The Netherlands has had the euro since 2002 and paper denominations are EUR 5, 10, 20, 50,100, 200 and 500, though you may encounter problems using anything bigger than a EUR 50 note. The coins come in denominations of EUR 1, EUR 2, and 5, 10, 20 and 50 euro cents. Coins for 1 and 2 euro cents have been discontinued but prices will be quoted exactly, for instance, as EUR 37. 21, but will be rounded up to the nearest 5 euro cents for giving change. On bank statements, the exact figure will appear.
The use of credit cards isn't very common and may not be accepted everywhere. You should however still be able to use it without problems at hotels, restaurants, large department stores and tourist attractions. Although cash is still widely used, even for large transactions, the most common method of payment is pinnen, using a debit card plus PIN code.
The Netherlands is home to some of the world's banking giants. You need to have a BSN-nummer in order to open a bank account, but there are workarounds if you don't have your BSN yet. For example, ABN Amro is the only traditional bank that will allow you to open a bank account without a BSN (although it is still required, you can submit your BSN within 90 days). You can simply download their app and open an account via the app. There are also banking app services such as BUNQ that you can use to open a Dutch bank account online without first having to provide a BSN (you have 90 days in which to submit it).
There are 3 main banking institutions in the Netherlands: ABN Amro, ING Group, Rabobank.
Before you are able to open a Dutch bank account, you should have no problem obtaining cash from an overseas account using an ATM or geldautomaat. They dispense money (in several languages) and accept a wide range of debit and credit cards.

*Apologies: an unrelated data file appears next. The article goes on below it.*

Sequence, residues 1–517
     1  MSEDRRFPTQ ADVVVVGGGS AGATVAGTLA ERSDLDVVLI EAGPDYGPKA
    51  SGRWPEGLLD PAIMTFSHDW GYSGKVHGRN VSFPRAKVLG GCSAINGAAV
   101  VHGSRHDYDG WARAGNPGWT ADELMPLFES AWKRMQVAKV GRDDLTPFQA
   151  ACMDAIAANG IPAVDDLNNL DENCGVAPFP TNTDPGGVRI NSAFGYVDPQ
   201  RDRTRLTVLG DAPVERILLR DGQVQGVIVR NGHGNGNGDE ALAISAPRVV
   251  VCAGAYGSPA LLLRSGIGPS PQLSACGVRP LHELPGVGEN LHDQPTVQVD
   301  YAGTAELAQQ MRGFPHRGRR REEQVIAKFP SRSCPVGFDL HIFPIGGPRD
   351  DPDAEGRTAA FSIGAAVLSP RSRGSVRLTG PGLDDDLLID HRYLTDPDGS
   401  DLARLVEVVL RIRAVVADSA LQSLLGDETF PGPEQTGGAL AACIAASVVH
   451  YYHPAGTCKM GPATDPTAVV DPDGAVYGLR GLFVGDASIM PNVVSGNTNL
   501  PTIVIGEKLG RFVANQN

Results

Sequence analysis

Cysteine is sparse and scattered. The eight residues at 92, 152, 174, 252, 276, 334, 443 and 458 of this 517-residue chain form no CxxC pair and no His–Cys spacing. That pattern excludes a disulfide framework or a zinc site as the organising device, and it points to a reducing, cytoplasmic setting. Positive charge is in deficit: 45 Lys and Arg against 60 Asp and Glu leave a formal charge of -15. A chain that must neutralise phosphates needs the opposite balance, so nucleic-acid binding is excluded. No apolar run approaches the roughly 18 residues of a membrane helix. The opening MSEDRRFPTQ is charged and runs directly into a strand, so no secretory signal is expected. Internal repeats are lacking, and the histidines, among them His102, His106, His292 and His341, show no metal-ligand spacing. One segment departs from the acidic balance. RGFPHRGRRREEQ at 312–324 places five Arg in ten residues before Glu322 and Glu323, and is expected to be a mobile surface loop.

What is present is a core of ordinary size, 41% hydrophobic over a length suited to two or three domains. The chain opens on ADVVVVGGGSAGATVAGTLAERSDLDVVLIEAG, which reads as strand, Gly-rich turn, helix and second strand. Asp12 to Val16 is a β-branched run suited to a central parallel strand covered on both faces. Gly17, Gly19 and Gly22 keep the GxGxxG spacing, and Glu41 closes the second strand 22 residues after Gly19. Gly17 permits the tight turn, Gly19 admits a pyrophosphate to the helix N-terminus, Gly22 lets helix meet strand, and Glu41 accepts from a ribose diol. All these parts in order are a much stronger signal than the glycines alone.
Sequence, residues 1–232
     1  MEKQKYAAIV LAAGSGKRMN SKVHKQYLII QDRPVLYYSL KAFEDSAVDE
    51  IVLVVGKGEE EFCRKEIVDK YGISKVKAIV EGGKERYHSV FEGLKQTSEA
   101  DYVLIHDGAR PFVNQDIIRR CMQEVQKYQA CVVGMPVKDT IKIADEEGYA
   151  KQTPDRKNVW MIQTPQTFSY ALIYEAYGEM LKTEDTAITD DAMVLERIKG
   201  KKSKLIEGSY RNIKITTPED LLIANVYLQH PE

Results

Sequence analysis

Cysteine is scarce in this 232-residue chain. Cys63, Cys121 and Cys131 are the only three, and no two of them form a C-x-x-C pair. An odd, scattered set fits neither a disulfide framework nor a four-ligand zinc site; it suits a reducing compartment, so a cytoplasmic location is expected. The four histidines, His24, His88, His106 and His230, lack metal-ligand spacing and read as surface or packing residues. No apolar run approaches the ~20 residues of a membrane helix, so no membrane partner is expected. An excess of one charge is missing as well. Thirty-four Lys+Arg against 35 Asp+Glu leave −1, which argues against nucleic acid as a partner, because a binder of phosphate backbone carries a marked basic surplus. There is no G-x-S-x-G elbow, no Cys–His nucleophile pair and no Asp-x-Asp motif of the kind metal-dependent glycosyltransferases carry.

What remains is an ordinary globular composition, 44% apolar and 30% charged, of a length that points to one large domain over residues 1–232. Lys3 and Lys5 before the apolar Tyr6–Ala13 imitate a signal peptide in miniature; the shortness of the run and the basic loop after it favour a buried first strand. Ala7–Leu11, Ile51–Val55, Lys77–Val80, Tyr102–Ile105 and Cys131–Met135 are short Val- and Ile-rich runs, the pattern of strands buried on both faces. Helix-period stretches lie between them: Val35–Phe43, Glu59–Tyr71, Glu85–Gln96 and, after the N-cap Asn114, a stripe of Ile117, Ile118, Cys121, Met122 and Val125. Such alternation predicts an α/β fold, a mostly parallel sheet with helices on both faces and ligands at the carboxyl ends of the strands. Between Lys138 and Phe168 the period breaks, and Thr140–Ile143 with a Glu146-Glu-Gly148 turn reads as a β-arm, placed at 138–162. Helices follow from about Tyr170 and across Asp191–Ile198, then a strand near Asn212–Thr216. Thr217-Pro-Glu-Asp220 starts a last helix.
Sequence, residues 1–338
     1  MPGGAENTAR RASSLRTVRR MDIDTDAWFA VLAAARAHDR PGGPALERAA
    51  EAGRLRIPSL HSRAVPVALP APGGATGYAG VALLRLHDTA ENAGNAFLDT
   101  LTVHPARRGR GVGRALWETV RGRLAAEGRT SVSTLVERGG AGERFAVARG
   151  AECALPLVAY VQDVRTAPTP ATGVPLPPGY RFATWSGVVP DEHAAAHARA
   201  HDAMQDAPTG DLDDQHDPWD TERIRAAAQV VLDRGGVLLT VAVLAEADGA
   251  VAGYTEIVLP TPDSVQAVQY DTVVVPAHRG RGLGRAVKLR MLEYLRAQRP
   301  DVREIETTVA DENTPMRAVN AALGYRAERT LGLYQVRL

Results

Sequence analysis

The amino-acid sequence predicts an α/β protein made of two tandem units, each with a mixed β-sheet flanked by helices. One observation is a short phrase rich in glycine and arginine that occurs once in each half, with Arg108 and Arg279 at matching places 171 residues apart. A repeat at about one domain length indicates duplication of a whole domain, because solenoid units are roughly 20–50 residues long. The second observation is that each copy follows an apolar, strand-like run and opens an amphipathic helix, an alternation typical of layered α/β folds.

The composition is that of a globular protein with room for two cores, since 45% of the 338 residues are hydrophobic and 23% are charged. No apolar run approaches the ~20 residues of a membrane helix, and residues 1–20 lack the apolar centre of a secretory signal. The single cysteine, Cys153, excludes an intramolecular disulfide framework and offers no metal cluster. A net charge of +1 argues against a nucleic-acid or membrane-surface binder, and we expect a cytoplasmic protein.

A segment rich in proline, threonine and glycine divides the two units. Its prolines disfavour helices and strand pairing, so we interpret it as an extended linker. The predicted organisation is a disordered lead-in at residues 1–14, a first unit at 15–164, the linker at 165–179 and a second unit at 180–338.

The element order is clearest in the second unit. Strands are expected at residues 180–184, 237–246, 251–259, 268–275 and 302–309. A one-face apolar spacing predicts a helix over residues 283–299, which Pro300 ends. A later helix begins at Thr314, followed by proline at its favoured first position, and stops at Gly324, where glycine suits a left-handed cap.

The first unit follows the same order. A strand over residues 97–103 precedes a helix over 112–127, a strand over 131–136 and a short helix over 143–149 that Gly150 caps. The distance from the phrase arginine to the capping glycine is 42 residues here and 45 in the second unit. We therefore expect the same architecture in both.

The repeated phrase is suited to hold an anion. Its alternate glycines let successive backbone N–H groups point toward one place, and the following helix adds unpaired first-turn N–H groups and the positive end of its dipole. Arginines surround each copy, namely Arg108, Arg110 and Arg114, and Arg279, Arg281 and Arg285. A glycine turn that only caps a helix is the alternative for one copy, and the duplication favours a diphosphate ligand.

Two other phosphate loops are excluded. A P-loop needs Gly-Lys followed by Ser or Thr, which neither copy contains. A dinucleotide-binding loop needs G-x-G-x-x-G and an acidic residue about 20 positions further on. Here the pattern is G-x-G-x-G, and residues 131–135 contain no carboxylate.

Credit Cards: Commercial banks usually have an arrangement with Mastercard or VISA but you will generally need to be a customer for a while before getting one. A credit card will be more expensive than other bank cards and you will be encouraged to pay off the card swiftly and consistently.
Internet Banking: Online banking is common in the Netherlands. Depending on the bank, you might be issued with a calculator-sized device into which you slot your bankpas and enter your PIN and than you exchange numbers with the login system to gain authorised access to your account. You can pay bills directly or set up direct debits (automatische overschrijving/acceptgiro) for regular payments.
At the moment the Netherlands is switching over from Maestro and VPay to Mastercard and Visa. You should therefore be able to pay with your Mastercard and Visa cards without any issues (which wasn't always possible before). Banks are slowly phasing out their Maestro and VPay cards and using up their stock before issuing clients with the new Mastercards and Visa cards.